Best Insights By William J. O’Neil For Stock Traders

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William J. O’Neil is a successful stock trader and the founder of newspaper Investors’ Business Daily. He is also the writer of several books on stock trading. His ideas on trading can be helpful for an average person. He insists on protecting oneself rather than risking everything to maximize returns.

Here are some of the best trading insights (quotes) by William J. O’Neil that can be helpful to the stock traders.

Best Trading Insights (Quotes) By William J. O’Neil

The common mistake in investing is failing to understand the importance of buying high quality companies.


Learn to always sell stocks quickly when you have a small loss rather than waiting and hoping they’ll come back.


Don’t buy a stock because of its dividend or its P/E ratio. Contrary to conventional wisdom, the best stocks rarely sell at low P/Es. Just as the best ballplayers make the highest salaries, the better companies sell at higher P/Es.


 Over-diversification is a hedge for ignorance.


My philosophy is that all stocks are bad. There are no good stocks unless they go up in price. If they go down instead, you have to cut your losses fast. Letting losses run is the most serious mistake made by most investors.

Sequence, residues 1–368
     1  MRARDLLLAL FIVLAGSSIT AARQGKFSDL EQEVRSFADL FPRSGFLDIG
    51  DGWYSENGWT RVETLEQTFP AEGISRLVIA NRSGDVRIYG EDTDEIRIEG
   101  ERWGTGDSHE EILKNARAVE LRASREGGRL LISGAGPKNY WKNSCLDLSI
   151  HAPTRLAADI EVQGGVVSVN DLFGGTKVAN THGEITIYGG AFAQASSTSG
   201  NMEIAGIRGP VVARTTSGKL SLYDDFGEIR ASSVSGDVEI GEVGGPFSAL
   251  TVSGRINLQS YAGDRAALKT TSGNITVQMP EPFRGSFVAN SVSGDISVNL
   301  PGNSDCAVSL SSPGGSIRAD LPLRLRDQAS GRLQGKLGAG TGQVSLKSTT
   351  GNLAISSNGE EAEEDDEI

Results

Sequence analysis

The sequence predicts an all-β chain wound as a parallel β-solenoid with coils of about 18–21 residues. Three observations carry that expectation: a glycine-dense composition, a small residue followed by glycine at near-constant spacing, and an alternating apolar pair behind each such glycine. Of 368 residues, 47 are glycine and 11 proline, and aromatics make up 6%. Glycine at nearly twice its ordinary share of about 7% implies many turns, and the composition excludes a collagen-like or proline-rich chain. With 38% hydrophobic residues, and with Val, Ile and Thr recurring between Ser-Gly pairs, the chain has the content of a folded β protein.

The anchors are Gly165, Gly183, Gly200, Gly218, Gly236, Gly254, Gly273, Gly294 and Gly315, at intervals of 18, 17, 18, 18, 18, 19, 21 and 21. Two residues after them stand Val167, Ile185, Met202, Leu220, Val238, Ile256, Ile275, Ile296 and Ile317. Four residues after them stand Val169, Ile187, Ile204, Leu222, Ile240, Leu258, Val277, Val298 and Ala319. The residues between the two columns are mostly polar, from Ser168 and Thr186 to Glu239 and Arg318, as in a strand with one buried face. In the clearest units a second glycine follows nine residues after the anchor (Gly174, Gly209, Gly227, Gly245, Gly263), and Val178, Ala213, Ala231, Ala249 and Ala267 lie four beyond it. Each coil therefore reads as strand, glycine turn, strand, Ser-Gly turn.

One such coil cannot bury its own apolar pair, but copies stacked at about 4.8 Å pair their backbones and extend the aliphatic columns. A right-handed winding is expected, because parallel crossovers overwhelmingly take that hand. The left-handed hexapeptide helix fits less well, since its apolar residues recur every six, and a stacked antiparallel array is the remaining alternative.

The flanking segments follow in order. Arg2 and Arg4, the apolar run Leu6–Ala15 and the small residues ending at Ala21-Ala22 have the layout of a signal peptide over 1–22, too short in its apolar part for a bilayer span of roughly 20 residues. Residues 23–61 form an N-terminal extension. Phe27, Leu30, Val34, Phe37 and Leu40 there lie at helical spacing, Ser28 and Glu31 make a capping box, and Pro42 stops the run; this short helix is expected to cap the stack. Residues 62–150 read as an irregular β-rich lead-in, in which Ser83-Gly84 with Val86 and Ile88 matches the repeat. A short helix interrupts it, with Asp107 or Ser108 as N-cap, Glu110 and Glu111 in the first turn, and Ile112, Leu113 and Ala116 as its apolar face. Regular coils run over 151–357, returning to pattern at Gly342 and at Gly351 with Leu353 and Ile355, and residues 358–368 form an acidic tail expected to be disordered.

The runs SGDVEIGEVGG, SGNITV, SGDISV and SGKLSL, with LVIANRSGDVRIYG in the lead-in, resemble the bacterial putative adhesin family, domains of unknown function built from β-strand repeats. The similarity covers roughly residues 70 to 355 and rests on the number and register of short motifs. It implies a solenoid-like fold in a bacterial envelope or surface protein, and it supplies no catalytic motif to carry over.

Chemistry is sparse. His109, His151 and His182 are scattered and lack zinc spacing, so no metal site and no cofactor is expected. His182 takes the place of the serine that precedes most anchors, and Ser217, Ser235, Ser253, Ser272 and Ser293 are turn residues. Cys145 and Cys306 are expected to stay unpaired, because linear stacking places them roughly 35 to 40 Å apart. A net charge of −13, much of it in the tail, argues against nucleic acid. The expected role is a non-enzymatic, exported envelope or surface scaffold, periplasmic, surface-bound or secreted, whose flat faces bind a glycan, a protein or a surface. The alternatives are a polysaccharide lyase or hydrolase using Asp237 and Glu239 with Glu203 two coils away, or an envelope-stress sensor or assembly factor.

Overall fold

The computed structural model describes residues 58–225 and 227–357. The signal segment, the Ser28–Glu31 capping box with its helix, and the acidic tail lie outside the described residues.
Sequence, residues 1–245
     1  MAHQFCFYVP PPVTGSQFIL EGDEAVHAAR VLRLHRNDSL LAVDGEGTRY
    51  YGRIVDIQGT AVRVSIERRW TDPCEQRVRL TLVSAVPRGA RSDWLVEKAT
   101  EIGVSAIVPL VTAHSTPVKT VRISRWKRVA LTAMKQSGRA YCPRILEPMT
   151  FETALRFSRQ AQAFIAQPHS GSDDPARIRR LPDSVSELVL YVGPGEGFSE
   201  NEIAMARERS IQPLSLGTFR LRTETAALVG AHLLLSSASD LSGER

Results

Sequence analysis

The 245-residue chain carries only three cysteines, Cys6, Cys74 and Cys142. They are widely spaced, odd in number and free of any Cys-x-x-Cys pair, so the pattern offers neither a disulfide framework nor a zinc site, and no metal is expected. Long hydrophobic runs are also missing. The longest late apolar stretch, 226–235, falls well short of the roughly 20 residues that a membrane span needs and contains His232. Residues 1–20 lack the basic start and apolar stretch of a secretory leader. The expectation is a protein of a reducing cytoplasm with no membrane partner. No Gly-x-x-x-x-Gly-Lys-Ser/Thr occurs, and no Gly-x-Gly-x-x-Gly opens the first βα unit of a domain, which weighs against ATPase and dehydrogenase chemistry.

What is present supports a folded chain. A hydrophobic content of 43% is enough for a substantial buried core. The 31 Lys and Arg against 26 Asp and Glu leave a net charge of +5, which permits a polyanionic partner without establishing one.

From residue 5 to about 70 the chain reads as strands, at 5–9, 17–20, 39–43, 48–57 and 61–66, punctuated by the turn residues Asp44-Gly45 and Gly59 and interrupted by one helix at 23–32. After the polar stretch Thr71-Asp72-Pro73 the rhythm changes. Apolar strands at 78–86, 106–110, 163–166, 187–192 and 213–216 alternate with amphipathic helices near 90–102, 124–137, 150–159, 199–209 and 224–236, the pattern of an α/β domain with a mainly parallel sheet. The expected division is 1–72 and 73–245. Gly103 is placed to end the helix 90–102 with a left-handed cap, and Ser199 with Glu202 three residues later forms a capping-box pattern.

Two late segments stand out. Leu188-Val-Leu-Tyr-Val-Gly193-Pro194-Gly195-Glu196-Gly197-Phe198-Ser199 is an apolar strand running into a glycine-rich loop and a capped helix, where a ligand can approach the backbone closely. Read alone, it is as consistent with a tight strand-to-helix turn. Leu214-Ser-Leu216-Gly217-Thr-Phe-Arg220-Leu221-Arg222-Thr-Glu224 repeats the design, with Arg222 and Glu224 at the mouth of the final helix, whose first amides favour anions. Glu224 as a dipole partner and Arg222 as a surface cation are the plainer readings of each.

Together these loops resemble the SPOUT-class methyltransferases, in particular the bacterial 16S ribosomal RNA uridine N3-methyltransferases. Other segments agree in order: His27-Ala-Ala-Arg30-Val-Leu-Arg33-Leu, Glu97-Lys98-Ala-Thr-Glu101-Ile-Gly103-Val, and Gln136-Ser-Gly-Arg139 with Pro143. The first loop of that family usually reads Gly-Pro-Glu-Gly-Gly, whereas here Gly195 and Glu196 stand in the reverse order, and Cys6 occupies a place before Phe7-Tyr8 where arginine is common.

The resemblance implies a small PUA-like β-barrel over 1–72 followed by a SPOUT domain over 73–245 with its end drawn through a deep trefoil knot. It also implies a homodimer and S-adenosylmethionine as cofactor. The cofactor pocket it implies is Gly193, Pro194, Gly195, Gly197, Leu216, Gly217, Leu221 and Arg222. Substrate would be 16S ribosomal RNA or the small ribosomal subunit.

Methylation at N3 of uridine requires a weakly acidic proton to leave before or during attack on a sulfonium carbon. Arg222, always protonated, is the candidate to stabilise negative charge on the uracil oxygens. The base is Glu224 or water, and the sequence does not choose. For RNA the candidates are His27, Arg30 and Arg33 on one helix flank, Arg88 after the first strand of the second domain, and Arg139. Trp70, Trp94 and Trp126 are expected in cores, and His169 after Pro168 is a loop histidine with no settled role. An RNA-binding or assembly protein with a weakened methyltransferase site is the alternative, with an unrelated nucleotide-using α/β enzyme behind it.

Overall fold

It is one of the great paradoxes of the stock market that what seems too high usually goes higher and what seems too low usually goes lower.


The majority of unskilled investors stubbornly hold onto their losses when the losses are small and reasonable. They could get out cheaply, but being emotionally involved and human, they keep waiting and hoping until their loss gets much bigger and costs them dearly.


Buying stocks on the way down is dangerous. You can get wiped out. So, stop this risky habit. Anyone who buys stocks on the way down in price because they look cheap will learn the hard way this is how you can lose a lot of money.


The moral of the story is: never argue with the market. Your health and peace of mind are always more important than any stock.


When you make a mistake in the stock market, the only sound thing to do is to correct it. Don’t fight it. Pride and ego never pay off.


The first thing I learned about how to get superior performance is not to buy stocks that are near their lows, but to buy stocks that are coming out of broad bases and beginning to make new highs.


When everybody is running around saying how great a stock is, everybody who can buy probably already has, and the only direction for the stock to go at that point is down. When it’s obvious and exciting to everyone, it’s too late.


The whole secret to winning big in the stock market is not to be right all the time, but to lose the least amount possible when you’re wrong.


If you own a portfolio of stocks, you must learn to sell the worst performers first and keep the best a little longer.


 

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